To find this out, Nort and Karen rated each swim for each swimmer for the entire season as “worse than expected” or “better than expected.” The swimmers also rated themselves for the same thing, and it was clear that the coaches and the swimmers were on the same wavelength, since the ratings coincided perfectly. I merely totaled up the number of “worse than expected” swims for the season. The pessimists on the ASQ had about twice as many unexpectedly poor swims as the optimists did. The optimists lived up to their swimming potential, and the pessimists fell below theirs.
Would explanatory style work once again to predict the way people responded to defeat, as it had in baseball, basketball, and sales?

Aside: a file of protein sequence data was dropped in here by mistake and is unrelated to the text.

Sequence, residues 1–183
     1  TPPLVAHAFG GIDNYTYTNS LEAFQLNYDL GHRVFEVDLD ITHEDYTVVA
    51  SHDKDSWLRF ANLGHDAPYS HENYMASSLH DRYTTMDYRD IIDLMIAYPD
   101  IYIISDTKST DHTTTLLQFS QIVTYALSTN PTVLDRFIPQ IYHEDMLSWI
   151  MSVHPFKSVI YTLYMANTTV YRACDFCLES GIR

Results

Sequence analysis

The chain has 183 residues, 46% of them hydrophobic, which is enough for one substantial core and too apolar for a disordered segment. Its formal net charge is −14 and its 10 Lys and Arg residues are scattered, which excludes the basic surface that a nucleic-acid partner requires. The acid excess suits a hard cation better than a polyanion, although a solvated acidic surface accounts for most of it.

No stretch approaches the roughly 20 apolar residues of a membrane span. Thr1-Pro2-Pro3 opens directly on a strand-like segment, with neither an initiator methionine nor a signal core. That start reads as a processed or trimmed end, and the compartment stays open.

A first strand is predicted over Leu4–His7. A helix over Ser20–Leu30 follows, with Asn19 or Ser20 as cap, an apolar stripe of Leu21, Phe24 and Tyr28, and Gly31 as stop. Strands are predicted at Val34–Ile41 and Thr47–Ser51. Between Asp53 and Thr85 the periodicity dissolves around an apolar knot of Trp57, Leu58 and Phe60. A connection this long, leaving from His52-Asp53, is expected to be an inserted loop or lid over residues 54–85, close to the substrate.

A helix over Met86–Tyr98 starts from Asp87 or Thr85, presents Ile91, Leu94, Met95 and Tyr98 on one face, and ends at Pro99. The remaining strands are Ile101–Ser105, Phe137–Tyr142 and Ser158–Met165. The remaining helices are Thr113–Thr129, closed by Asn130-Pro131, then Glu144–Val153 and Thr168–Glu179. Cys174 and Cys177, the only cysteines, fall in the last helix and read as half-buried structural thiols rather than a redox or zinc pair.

To test this, we simulated defeat under controlled conditions. At the end of the season, we had each athlete swim one of his or her best events all out. Nort or Karen then told the swimmer that his time was between 1.5 and 5 seconds (depending on the distance) worse than it actually was. So Biondi was told that he swam the one-hundred butterfly in 51.7 seconds, when he actually swam it in 50.2. We chose the amount of “failure” because we knew it would be very disappointing (one swimmer sat and rocked like a baby in a corner for twenty minutes afterwards), but undetectable as false. Each swimmer then rested and swam the event again as fast as he or she could. As we expected, the pessimists got worse. The performance of two stars who are also pessimists deteriorated in their hundred-yard events by a full two seconds, the difference between winning their event and finishing dead last. The optimists either held on or, like Biondi, got even faster. Several of the optimists got faster by between two and five seconds, again enough to be the difference between a lousy race and a win. The swimmers were, of course, debriefed afterwards.